Sustainability is the driving factor behind decarbonization, as it’s widely understood that an energy system rooted in fossil fuels will have disastrous outcome for human health and our planet. However, when modeling decarbonization, sustainability is far from the only consideration policymakers must make. Potential pathways to decarbonization are often evaluated on a least cost basis, as many national investments are.
Though decarbonization will provide a net benefit for every American, that doesn’t guarantee that these benefits will be evenly distributed across society as a whole. To investigate this potential for continued inequality, Destenie Nock and Teagan Goforth have created a new framework for social impact assessment to identify who may be burdened nationally with higher levels of air pollution during the energy transition.
While the entire country will enjoy the benefits of a fully carbon neutral energy grid, on our current course, the environmental benefits of getting there will likely be unevenly distributed. The new framework, recently published in Nature Communications, will help policymakers achieve equal distribution in air quality benefits as our energy system decarbonizes.
We have shown that a single objective of minimizing cost doesn’t ensure equitable distribution of benefits in terms of local air pollutants.Destenie Nock, Assistant Professor, Civil and Environmental Engineering and Engineering and Public Policy
“I hope that this will help move the decarbonization discussions towards considering the environmental and social lens,” says Nock, an assistant professor civil and environmental engineering and engineering and public policy. “This forward-looking equality analysis can help identify potential disparities before we build a new energy system.”
Based on national strategies for decarbonization, Nock and Goforth, a graduate student in engineering and public policy, modeled the regional impacts on energy generation and air quality across 134 regions of the United States. They matched this with corresponding census data, overlaying demographic information with the annual distribution of airborne pollutants from energy generation predicted in a given region, based on the decarbonization strategy in question.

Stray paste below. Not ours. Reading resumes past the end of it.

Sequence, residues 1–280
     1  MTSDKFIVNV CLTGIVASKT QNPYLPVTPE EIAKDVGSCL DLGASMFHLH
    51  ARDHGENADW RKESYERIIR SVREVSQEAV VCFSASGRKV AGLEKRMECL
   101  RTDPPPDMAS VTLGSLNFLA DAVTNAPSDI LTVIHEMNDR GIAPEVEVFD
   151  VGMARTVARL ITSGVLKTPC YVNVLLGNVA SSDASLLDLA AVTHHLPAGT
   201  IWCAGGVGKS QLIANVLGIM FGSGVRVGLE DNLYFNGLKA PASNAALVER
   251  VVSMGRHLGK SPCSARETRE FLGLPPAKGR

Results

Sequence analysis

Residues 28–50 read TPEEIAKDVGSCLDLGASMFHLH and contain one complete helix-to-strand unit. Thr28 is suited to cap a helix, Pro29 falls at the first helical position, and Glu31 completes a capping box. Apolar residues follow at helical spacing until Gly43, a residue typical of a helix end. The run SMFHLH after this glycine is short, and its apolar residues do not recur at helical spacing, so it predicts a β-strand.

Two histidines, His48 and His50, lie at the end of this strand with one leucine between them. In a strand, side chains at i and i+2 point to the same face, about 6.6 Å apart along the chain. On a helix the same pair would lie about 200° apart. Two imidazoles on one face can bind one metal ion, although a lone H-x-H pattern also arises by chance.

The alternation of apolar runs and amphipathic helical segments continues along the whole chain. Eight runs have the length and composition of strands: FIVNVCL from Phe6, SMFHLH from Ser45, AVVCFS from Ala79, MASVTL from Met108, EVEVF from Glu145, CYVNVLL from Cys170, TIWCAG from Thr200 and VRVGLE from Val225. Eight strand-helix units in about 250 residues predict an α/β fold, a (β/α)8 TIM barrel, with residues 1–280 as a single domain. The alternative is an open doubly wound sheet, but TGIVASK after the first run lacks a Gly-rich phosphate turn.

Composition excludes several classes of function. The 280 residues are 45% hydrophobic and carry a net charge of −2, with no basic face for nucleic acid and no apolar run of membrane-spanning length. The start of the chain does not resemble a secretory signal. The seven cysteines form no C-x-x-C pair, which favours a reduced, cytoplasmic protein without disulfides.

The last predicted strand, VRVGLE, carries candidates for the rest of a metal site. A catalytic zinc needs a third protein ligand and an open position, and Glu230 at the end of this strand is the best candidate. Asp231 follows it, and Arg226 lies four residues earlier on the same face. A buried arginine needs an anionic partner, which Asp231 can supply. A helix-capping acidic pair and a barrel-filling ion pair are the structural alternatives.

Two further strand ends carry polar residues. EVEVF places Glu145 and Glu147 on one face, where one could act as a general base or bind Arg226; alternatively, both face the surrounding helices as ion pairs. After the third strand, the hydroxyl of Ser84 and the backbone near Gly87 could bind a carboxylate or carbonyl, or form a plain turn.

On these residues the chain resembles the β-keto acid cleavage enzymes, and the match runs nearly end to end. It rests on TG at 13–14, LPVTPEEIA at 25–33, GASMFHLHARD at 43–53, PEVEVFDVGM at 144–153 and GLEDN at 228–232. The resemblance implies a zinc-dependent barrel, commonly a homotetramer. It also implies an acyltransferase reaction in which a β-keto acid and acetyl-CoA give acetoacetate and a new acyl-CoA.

Across the eight decarbonization scenarios evaluated within their framework, they found that none achieved equality in air quality before their mandated year for decarbonization, whether it was 2035 or 2050. Every scenario involving at least some future decarbonization efforts would reduce air pollutants for the lowest income group by at least 20 percent; however, inequalities persisted in every scenario. This held true across every demographic factor they evaluated, including income group, poverty level, and race/ethnic background.
Nock and Goforth concluded from their analysis that any decarbonization scenario based solely on the least-cost paradigm is at risk of allowing local air pollution inequalities to persist. The framework they’ve created to analyze equality in the distribution of air pollution can help policymakers as they work through a difficult balancing act with numerous economic, environmental, technical, and social factors. The authors contend that to prioritize equal distribution in air quality, our pathway to decarbonization must be guided by strict mandates, or be consistently driven by a focus on equality throughout the energy transition.
“We have shown that a single objective of minimizing cost doesn’t ensure equitable distribution of benefits in terms of local air pollutants. Air pollution disparities need to be considered throughout the transition,” says Nock. “When crafting public policy for energy transitions, decision-makers can use this work as a source for indicating the need for holistic multiple objective approaches to energy system planning and to ensure an equitable and sustainable future.”
Noting several opportunities for further investigation, Nock and Goforth question how outcomes might differ from an assessment based on optimizing equality, rather than minimizing cost. There’s also room for expanding their analysis to consider potential trade-offs between equal air pollution distribution and other equality, equity, environmental, and cost objectives. A multidisciplinary perspective will be crucial to managing this complicated array of trade-offs.